Teachers face tough task of luring back children to schools in typhoon-hit areas
NEW BATAAN, Compostela Valley—As schools here open on Monday, a week behind schedule, teachers are faced with the tough challenge on how to lure back students still coping with the devastation brought by typhoon Pablo.
Thousands of schoolchildren are supposed to troop to different public elementary and secondary schools in 16 villages here but school officials said the turnout may not reach 100 percent.
“We are having a problem of winning them back,” Marcelino de los Reyes, district coordinating principal in New Bataan schools said. “The children are still scared, their interest (in school) could be waning.”
The Department of Education ordered the reopening of schools in typhoon-hit Compostela Valley and Davao Oriental provinces last Jan. 3, barely a month after schools were shuttered following the destruction wrought by Pablo to these areas.
Schools in all typhoon-ravaged areas have opened their doors to students as scheduled—with Education Secretary Armin Luistro himself visiting schools in Davao Oriental—except in New Bataan.
Continuous rains due to tropical depression “Auring” prompted the local government to suspend classes by two days, as hundreds of New Bataan residents again evacuated to schools, some of them still occupied by those displaced during the Dec. 4 calamity.
Mayor Lorenzo Balbin Jr. said classes might be suspended yet again on Monday “in case the weather warrants.”
“We have learned a harsh lesson already. We don’t want it to happen again,” said Balbin of the Dec. 4 deluge.
Delos Reyes said strong wind and a flashflood spawned by ‘Pablo’ destroyed or damaged practically all of the schools in his municipality.
In the hardest-hit village of Andap for instance, only one of the 15 classrooms of the village elementary school is left standing. At least 37 school children there were killed and over 100 are still missing, according to De los Reyes, citing figures from Andap school authorities.
He said 11 students also died in Cabinuangan while about 50 others are still unaccounted for. Two teachers in this town also lost their lives due to the typhoon.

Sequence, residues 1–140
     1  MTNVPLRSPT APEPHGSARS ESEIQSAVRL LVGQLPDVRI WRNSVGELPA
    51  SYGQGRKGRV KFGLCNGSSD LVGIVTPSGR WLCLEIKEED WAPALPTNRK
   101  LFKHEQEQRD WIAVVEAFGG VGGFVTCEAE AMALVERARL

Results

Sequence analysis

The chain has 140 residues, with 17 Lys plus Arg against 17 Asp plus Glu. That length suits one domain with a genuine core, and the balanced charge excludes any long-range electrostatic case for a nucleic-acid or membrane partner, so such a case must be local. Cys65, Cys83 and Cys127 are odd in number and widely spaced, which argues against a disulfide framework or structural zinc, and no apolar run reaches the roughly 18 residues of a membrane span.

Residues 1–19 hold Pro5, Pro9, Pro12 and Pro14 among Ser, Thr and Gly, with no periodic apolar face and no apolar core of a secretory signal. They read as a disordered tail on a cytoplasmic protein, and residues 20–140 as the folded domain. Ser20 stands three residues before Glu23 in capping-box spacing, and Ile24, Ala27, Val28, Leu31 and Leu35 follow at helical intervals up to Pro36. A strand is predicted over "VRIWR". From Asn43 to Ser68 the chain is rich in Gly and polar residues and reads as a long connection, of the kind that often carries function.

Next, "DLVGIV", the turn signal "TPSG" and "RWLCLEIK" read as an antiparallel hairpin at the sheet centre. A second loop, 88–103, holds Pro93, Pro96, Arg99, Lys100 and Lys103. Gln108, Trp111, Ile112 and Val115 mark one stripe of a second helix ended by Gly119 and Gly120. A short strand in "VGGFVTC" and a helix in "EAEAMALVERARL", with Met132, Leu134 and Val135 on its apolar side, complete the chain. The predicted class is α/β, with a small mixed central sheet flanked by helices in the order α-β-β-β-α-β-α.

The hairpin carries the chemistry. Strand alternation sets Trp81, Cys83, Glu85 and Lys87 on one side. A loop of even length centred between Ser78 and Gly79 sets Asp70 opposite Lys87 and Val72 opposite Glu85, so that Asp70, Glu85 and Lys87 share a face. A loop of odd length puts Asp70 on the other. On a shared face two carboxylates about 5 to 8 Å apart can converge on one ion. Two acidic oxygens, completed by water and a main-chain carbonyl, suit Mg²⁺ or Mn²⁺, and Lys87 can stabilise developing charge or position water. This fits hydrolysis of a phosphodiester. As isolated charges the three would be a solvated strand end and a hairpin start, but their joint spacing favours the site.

“The toll on education (caused by the typhoon) was really high,” said Sarah Jane Loney, a district school staff. “What was once a paradise for school children is now a wasteland.”
During her visit here last Thursday, Education Undersecretary Yolanda Quijano pledged the setting up of learning tents that could serve as temporary classrooms.
The United Nations Children’s Emergency Fund (Unicef) has donated learning tents in the two provinces, at least four of which in New Bataan.
Quijano said children’s education has suffered for too much already as a result of the calamity.
“We want to bring back normalcy to children’s education,” she said.
Nenita Lumaad, Compostela Valley schools division officer-in-charge, said specialized learning modules would be used and psychosocial interaction activities would be employed by teachers as a form of stress debriefing to children.
Despite the tough challenge ahead, the school authorities are undaunted.
De los Reyes, the district school chief, plans to give away free school supplies to the children out of his office’s P38,000 monthly maintenance and other operating expense (MOOE) kitty.
Other entities, such as representatives from an Indonesian organization also donated notebooks, pens and other school supplies to at least 2,000 pupils at Cabinuangan Central Elementary School.
“Yes, these are not enough, but it’s just a start,” De los Reyes said.
Amid these challenges, a handful of children were looking forward to going to school again—after a long and somehow, painful vacation.
Jomar Ray Pagsak, a Grade 3 pupil from Cabinuangan village, said he missed his classmates and teachers so he wanted to go to school again.
Pagsak and several other school children had reported to school on Thursday but were sent home after school officials ordered suspension of classes.
“I want to report to class, to see my classmates and friends again,” the 9-year old boy told the Inquirer.
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